The factors driving this progress have been clear to chicken producers and their industry for some time, says Prout. "Animal care is clearly gaining importance and impact in consumer spending patterns and there is more pressure and expectations coming at us from different levels. Codes have a role but we need more than voluntary programs. With the increasing pressure, it is no longer sufficient to say appropriate animal care practices are in place - now we must prove it."

The animal welfare program for chicken producers consists of both mandatory and highly recommended requirements, he says. It provides recommendations for "best practices" to facilitate implementation and is based on a strong record keeping component to facilitate auditing.

As of March 2012, 100 percent of Alberta producer have been initially certified on the program. "We believe this supports a positive image for Alberta's chicken industry to consumers and a stronger competitive position for Alberta's chicken industry."


Catherine Scovil, Associate Director of the Canadian Pork Council

Catherine Scovil, Canadian Pork Council. Many of the same drivers have led to similar progress in the pork industry. "We have a long history with Codes, but we determined Codes alone were not enough," says Catherine Scovil, Associate Executive Director of the Canadian Pork Council "We needed a way to demonstrate on-farm practices and we wanted producers to be part of the process. There was concern that if industry didn't take the lead, others would. So that's what we did."

Progress coordinated by the Council supported the development of the industry's Animal Care Assessment program - one of the first implemented among livestock sectors in Canada. Over 90 percent of Canadian hog production complies with the model, which became part of the CQA program in 2012.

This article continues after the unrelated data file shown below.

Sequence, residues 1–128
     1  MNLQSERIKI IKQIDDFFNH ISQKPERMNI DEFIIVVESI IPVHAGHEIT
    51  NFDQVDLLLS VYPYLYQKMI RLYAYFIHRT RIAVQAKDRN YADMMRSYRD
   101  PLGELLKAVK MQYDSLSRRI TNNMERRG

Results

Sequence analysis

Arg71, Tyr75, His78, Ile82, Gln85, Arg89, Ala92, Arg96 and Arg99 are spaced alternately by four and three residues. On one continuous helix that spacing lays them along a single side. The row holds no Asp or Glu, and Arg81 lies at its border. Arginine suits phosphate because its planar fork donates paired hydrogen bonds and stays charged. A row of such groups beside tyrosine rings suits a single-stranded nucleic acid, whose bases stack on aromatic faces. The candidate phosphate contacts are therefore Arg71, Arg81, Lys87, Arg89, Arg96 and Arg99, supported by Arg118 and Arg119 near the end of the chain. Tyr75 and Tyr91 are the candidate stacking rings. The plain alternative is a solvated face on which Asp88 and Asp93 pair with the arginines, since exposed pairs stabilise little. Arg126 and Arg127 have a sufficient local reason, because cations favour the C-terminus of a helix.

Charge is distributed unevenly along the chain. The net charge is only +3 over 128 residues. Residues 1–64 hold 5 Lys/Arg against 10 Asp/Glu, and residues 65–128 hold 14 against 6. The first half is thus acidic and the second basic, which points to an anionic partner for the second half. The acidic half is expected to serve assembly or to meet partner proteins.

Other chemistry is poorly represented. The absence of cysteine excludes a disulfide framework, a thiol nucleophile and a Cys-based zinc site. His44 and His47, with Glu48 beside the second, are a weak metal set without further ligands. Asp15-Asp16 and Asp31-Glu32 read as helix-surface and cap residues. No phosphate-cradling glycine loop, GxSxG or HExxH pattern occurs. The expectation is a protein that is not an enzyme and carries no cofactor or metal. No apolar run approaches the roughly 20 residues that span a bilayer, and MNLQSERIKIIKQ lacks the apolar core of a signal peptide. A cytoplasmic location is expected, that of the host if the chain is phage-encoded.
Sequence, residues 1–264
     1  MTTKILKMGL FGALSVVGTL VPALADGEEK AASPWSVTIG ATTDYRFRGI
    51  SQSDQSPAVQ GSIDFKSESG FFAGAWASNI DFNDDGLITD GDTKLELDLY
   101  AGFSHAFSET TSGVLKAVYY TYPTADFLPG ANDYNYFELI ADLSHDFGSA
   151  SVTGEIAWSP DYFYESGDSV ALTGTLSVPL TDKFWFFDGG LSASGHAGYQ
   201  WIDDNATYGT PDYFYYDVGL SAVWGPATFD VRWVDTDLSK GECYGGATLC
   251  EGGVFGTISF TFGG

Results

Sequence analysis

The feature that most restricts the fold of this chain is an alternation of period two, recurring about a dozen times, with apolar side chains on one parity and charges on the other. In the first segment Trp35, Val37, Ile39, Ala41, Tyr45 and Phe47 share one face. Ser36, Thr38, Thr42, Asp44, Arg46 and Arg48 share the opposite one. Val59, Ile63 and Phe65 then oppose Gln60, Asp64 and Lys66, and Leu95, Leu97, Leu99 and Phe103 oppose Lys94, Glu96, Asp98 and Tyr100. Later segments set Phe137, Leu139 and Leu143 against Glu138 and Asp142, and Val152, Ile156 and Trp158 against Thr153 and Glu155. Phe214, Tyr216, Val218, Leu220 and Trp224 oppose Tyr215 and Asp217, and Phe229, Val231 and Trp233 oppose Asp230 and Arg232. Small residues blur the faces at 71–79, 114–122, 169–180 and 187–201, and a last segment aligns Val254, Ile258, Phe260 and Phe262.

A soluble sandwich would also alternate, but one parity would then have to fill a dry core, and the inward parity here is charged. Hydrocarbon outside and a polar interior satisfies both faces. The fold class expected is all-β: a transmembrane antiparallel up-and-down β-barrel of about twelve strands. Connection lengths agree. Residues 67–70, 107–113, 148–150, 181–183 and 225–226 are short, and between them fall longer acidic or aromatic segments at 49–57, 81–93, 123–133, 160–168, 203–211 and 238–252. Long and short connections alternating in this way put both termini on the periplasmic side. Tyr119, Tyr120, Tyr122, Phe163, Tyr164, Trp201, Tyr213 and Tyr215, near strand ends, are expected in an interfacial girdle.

The core of the assessment program is the Code of Practice. This is currently being updated through the NFACC-led Code development process that the Canadian Pork Council is supporting and helping to coordinate. The assessment program includes animal, environment and process-based measures and uses a HAACP-type approach of focusing on critical control points.

"The new Code is aiming toward an even broader view of welfare that takes into consideration a wider range of biological function, affective states and natural living considerations," says Scovil. "Once it is in place we plan to pursue an updated assessment approach using the NFACC model. This will provide us with a means to ensure the future Code changes are implemented, providing a solid defense for our industry and customers."

The 2013 Livestock Care Conference was hosted by Alberta Farm Animal Care (AFAC) in partnership with the Alberta Veterinary Medical Association. For more information and links to additional reports on speaker presentations, visit the conference website at lcc.afac.ab.ca.


Reprintable with credit. This article is available for reprint, with acknowledgement of the source as Meristem Land and Science, www.meristem.com.

Meristem is a Calgary-based communications firm that specializes in writing about western agriculture, food and land use. More articles at www.meristem.com.